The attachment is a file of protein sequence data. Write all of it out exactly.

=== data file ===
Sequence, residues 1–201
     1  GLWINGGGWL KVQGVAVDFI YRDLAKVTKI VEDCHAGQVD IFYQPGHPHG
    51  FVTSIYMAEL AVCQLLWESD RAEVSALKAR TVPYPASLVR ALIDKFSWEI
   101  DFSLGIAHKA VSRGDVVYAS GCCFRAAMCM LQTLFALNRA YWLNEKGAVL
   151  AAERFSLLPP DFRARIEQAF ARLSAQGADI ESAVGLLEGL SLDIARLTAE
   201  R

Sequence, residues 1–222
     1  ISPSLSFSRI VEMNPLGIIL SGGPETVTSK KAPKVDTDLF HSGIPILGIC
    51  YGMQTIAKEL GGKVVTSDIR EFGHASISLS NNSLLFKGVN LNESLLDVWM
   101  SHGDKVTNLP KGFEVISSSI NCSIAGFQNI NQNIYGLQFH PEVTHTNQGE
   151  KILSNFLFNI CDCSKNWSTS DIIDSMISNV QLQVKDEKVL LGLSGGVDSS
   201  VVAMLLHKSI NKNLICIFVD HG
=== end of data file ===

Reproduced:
Sequence, residues 1–201
     1  GLWINGGGWL KVQGVAVDFI YRDLAKVTKI VEDCHAGQVD IFYQPGHPHG
    51  FVTSIYMAEL AVCQLLWESD RAEVSALKAR TVPYPASLVR ALIDKFSWEI
   101  DFSLGIAHKA VSRGDVVYAS GCCFRAAMCM LQTLFALNRA YWLNEKGAVL
   151  AAERFSLLPP DFRARIEQAF ARLSAQGADI ESAVGLLEGL SLDIARLTAE
   201  R

Sequence, residues 1–222
     1  ISPSLSFSRI VEMNPLGIIL SGGPETVTSK KAPKVDTDLF HSGIPILGIC
    51  YGMQTIAKEL GGKVVTSDIR EFGHASISLS NNSLLFKGVN LNESLLDVWM
   101  SHGDKVTNLP KGFEVISSSI NCSIAGFQNI NQNIYGLQFH PEVTHTNQGE
   151  KILSNFLFNI CDCSKNWSTS DIIDSMISNV QLQVKDEKVL LGLSGGVDSS
   201  VVAMLLHKSI NKNLICIFVD HG